Sunita De Souza Goes to Sydney and Other Stories

By Roanna Gonsalves

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Aunty Marilyn was a higher-up in the Bank of Dubai, and kept getting promoted higher and higher every three years. But I suspected that being first in line for work promotions could never heal the wound of being second in line for love. If twenty-five years of marriage had taught her anything about her husband, it was that he still nursed a fondness for the stylish Aussie. He married Marilyn only after he realised that Gloria had gone for good – there was no beating around the bush with that fact. Yet, here she was, the wife, sending with the homemade xacuti masala a hidden message that Gloria was just another fragment of the past. ‘Tell her she and Tony should make a visit here soon. They’re welcome any time to my house.’

Gloria had visited Bombay one Christmas when I was a mere schoolgirl, and Uncle Joe and Aunty Marilyn had not yet left for Dubai. It was her first trip back after migrating to Australia. I can’t remember much of what she said then, but I distinctly remember the two-pack of tea towels with a print of the Australian flag she presented to Aunty Marilyn, tied with red curling ribbon, a clip-on koala clinging to the bow. Her freshly manicured red nails anointed this gift with glamour, with intelligence that soared out of the reach of our drab two-bedroom, hall, kitchen flat close to the grunt of the train station.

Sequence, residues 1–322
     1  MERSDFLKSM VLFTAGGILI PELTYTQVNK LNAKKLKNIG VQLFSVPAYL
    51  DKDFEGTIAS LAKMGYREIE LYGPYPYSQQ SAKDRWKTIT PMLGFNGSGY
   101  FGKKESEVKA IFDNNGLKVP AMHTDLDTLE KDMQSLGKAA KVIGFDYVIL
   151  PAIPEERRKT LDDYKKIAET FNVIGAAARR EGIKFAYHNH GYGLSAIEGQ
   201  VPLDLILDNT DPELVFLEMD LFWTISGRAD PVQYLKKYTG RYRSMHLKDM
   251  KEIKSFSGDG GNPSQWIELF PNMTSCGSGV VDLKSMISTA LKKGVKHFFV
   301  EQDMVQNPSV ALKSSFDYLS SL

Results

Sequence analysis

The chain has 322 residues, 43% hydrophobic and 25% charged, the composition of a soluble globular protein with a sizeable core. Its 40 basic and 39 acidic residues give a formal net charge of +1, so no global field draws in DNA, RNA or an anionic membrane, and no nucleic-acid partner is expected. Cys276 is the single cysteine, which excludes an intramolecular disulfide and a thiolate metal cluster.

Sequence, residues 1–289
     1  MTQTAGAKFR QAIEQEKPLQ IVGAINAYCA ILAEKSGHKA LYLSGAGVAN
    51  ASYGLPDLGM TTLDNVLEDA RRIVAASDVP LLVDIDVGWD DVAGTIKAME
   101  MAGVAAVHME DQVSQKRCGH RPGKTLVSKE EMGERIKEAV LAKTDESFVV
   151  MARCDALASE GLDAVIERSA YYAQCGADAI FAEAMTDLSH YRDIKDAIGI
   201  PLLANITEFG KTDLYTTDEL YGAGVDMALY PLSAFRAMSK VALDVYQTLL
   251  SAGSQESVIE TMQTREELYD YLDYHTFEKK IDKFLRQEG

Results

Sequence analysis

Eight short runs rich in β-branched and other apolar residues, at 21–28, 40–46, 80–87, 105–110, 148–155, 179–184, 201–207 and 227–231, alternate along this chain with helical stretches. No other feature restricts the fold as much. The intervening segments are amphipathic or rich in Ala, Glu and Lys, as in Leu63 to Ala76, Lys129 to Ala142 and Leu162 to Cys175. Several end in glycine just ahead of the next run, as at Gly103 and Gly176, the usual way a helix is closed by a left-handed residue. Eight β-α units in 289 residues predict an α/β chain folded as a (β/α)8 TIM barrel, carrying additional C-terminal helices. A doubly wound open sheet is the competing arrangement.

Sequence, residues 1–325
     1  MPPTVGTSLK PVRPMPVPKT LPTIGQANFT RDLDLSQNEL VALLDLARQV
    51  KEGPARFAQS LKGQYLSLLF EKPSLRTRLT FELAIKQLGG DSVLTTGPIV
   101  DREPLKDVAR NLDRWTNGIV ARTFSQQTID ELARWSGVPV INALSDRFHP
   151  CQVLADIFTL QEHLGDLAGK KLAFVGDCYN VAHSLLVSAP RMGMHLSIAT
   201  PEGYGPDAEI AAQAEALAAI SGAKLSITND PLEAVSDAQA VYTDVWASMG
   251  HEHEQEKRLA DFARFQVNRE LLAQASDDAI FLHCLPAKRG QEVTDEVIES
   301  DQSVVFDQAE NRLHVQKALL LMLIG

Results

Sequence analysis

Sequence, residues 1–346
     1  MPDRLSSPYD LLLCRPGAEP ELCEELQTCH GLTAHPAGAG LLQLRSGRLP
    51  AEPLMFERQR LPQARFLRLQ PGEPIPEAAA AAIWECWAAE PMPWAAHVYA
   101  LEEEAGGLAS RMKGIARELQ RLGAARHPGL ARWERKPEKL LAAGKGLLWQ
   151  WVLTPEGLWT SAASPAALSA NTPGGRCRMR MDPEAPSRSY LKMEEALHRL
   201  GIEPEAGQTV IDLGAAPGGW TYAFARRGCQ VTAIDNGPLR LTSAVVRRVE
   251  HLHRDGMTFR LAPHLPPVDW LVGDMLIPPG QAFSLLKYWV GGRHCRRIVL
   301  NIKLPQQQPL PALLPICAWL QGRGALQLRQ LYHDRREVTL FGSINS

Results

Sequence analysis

‘Throw away your kitchen cloths, Marilyn, this is what true-blue Aussies use,’ she announced. And then she laughed, exuding refinement with every lilt in her voice, with every gesture of those perfect hands, with every crossing and uncrossing of her stilettoed Sydney legs. Her knees were not scarred like ours. Gloria’s voice transgressed with confidence, presumed triumph, as Aunty Marilyn stood there with a bowl of wafers in her hands, not knowing whether to go around the room with the bowl or put it down on the centre table. There was a slight pause of confusion before all the adults laughed along with Gloria, without really understanding what they were laughing about, including Aunty Marilyn, whose laugh came out as a high-pitched shriek. It was the first time we had ever heard of tea towels. In my childish mind they conjured a particular English sensibility gleaned from reading too much Enid Blyton, of dainty teacups and cucumber sandwiches, and frilled-up men and women wiping their mouths, discreetly.

—From ‘Full Face’

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